A total of 253 studies were identified in the initial search. Of these, 206 studies were excluded after screening on titles and abstracts. Full-text reading was performed only for 47 potential studies and details of the searches were shown in the flow chart (Figure 1). Two publications  , written by the same authors, reported same population, so only the study  with more participants was included in our meta-analysis. Finally, 25 studies [19, 21-44] that met the inclusion criteria were included in this systematic review. Of these, 14 studies were written in English and others were written in Chinese.
Characteristic of included studies
Totally, 2498 DM patients and 1424 healthy controls were included in our meta-analysis. Of these 25 studies, 12 were conducted for the different serum levels of YKL-40 between DM patients and healthy controls, 5 were analyzed for YKL-40 levels between GDM patients and healthy controls, and 8 were detected for YKL-40 levels between DM patients with different degree of albuminuria and healthy controls. The characteristics of the included publications are shown in Table 1.
Association between serum YKL-40 levels and DM
Totally, 12 studies showed an association between the serum YKL-40 levels and DM. The meta-analysis results indicated that the serum YKL-40 levels were significantly higher in DM patients compared with healthy controls (SMD=1.62, 95%CI, 1.08 to 2.25, P=0.000) (Figure 2). The Galbraith plot was used because of the notable heterogeneity. But the major source of heterogeneity could not be found since too many of the studies were outliers (Figure 3). Furthermore, subgroup analyses by type of DM, region and age showed that YKL-40 levels were still higher in DM patients than those in healthy controls. The value of I2 remained high in various subgroups, with the exception of one subgroup for studies based on population of Asia.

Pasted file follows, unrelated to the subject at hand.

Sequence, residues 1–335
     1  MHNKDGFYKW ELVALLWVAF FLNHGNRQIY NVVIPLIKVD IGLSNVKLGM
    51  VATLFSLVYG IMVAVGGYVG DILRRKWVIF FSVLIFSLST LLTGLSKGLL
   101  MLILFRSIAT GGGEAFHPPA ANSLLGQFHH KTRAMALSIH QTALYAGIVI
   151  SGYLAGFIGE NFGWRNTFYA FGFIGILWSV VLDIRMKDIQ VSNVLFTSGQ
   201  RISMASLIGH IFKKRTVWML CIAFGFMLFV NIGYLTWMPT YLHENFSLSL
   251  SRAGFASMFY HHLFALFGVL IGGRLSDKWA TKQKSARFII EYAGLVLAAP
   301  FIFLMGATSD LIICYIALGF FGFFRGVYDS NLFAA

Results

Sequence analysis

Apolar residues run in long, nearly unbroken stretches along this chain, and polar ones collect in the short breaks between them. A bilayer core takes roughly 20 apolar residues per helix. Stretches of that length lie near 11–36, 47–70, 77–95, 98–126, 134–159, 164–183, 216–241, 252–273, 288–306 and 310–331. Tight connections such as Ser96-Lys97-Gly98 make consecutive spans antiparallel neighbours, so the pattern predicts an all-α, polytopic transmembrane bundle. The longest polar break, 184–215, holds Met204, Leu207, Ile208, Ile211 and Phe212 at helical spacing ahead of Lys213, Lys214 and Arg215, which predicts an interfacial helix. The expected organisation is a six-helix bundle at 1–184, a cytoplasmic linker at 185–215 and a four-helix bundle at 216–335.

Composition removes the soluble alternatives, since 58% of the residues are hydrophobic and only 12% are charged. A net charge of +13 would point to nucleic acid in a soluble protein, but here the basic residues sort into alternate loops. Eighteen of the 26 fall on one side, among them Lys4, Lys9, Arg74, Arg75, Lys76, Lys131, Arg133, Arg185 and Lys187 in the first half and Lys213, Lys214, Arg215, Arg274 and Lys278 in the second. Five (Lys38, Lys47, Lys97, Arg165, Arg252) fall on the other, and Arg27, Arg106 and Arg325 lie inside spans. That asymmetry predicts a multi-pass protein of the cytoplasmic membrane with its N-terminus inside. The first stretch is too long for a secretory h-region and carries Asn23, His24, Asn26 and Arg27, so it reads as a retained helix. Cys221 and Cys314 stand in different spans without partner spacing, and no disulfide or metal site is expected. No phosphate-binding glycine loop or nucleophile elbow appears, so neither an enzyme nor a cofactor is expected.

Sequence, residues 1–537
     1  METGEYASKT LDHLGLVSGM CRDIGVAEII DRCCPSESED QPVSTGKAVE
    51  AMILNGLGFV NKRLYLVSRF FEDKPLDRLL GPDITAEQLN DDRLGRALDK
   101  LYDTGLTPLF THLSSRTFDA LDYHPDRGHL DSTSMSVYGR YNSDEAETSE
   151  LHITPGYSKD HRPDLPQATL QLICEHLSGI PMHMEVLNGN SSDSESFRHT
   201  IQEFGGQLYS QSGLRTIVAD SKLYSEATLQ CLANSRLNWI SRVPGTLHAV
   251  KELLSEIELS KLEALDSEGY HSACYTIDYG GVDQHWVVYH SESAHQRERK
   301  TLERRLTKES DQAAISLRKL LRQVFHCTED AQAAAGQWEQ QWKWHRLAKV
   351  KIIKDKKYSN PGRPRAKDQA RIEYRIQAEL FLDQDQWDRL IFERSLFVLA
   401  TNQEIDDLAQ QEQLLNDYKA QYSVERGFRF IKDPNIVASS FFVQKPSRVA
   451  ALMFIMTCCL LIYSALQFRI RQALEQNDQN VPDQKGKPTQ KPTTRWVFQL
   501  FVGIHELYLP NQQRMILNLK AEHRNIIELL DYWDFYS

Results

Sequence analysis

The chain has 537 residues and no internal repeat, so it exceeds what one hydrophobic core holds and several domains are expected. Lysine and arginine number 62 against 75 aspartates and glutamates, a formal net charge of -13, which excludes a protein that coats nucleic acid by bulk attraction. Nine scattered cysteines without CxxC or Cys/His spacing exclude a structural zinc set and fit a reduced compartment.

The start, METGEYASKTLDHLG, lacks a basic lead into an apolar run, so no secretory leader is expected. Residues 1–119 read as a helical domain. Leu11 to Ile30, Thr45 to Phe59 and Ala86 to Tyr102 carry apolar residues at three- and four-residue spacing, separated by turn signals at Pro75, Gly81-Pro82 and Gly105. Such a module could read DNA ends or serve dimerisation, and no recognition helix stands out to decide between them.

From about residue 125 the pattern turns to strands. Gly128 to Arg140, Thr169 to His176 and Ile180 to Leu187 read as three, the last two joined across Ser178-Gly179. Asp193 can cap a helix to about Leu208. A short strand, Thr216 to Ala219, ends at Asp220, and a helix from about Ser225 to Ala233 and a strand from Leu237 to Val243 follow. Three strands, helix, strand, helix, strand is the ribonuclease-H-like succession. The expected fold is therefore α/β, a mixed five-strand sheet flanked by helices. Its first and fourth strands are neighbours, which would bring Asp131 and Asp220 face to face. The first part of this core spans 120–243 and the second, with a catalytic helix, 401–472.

Association between serum YKL-40 levels and GDM
Owing to significant heterogeneity, we used the random-effects model. The pooled SMD was 2.85 (95%CI, 1.01 to 4.70, P=0.002), which indicated that the serum YKL-40 concentrations were significantly higher in GDM patients compared with healthy pregnancies (Figure 4). The source of heterogeneity was hard to be found by the Galbraith plot because the studies were too dispersive. However, when performing sensitivity analysis by sequential omission of individual studies, YKL-40 was not associated with GDM when the article by Xun Shengli et al. was removed. The pooled SMD was 0.64 (95%CI, -0.28 to 1.56) (P>0.05).
Association between serum YKL-40 levels and albuminuria in DM patients
There were 7,8 and 7 studies analyzing the relationship between serum YKL-40 levels and normoalbuminuria, microalbuminuria and macroalbuminuria, respectively. The forest plot with a random-effects model showed that DM patients with different degree of albuminuria had significantly higher levels of YKL-40 compared with healthy controls (normoalbuminuria: SMD=1.58, 95%CI, 0.59 to 2.56, P=0.002; microalbuminuria: SMD=2.57, 95%CI, 0.92 to 4.22, P=0.002; macroalbuminuria: SMD=2.69, 95%CI, 1.40 to 3.98, P=0.000). The Galbraith plot was applied to detect the potential source of heterogeneity. However, we could not find the possible source of heterogeneity because it plotted too many studies as the outliers. In addition, we conducted subgroup analyses by region and type of DM. The results did not change in various subgroups, and the value of I2 remained high in various subgroups, with the exception of one subgroup for studies based on population of Asia. What’s more, serum YKL-40 levels increased with increasing severity of albuminuria among DM patients (microalbuminuria vs normoalbuminuria: SMD=1.49, 95%CI, 0.28 to 2.71, P=0.016; macroalbuminuria vs microalbuminuria: SMD=0.93, 95%CI, 0.34 to 1.52, P=0.002).
We performed a sensitivity analysis by sequential omission of individual studies. When serum YKL-40 levels were compared between DM patients and heathy controls as well as DM patients with different degree of albuminuria and healthy controls, the pooled SMD were not materially altered. However, YKL-40 was not associated with GDM when the study by Xun Shengli et al. was deleted.
Funnel plot and Egger’s test were conducted to evaluate the potential publication bias. There was no obvious funnel plot asymmetry and all the P values of the Egger’s tests were over 0.05, suggesting that publication bias was not evident in our meta-analysis.